While most comments will be posted if they are on-topic and not abusive, moderating decisions are subjective. We will make them as carefully and consistently as we can. Because of the volume of reader comments, we cannot review individual moderation decisions with readers.

We value thoughtful comments representing a range of views that make their point quickly and politely. We make an effort to protect discussions from repeated comments either by the same reader or different readers

We follow the same standards for taste as the daily newspaper. A few things we won't tolerate: personal attacks, obscenity, vulgarity, profanity (including expletives and letters followed by dashes), commercial promotion, impersonations, incoherence, proselytizing and SHOUTING. Don't include URLs to Web sites.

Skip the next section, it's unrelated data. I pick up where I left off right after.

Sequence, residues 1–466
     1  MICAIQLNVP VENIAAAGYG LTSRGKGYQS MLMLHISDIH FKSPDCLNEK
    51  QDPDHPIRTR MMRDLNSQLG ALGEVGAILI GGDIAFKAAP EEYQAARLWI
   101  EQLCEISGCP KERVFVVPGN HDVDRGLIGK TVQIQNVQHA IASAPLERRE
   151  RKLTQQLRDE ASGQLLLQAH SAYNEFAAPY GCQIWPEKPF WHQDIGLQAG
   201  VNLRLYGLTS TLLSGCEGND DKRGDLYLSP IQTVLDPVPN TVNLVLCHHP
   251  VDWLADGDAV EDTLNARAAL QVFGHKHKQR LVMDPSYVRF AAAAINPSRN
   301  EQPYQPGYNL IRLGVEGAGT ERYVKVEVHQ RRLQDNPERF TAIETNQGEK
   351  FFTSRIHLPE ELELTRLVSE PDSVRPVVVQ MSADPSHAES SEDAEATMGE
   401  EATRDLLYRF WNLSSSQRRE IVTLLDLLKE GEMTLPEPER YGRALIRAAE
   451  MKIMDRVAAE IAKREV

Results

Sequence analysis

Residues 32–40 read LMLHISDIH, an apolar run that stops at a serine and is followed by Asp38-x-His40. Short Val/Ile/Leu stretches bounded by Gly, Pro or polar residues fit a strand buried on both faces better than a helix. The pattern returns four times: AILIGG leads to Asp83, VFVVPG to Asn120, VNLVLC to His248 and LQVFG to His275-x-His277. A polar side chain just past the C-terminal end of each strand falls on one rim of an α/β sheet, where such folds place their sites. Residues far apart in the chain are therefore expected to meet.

We do not edit comments. They are either approved or deleted. We reserve the right to edit a comment that is quoted or excerpted in an article. In this case, we may fix spelling and punctuation.

We welcome strong opinions and criticism of our work, but we don't want comments to become bogged down with discussions of our policies and we will moderate accordingly.

We appreciate it when readers and people quoted in articles or blog posts point out errors of fact or emphasis and will investigate all assertions. But these suggestions should be sent via e-mail. To avoid distracting other readers, we won't publish comments that suggest a correction. Instead, corrections will be made in a blog post or in an article.